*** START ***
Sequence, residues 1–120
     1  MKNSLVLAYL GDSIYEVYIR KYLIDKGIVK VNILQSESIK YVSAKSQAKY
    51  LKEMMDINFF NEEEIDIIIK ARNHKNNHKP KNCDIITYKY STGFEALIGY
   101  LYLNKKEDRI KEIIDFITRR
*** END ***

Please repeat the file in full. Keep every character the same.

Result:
Sequence, residues 1–120
     1  MKNSLVLAYL GDSIYEVYIR KYLIDKGIVK VNILQSESIK YVSAKSQAKY
    51  LKEMMDINFF NEEEIDIIIK ARNHKNNHKP KNCDIITYKY STGFEALIGY
   101  LYLNKKEDRI KEIIDFITRR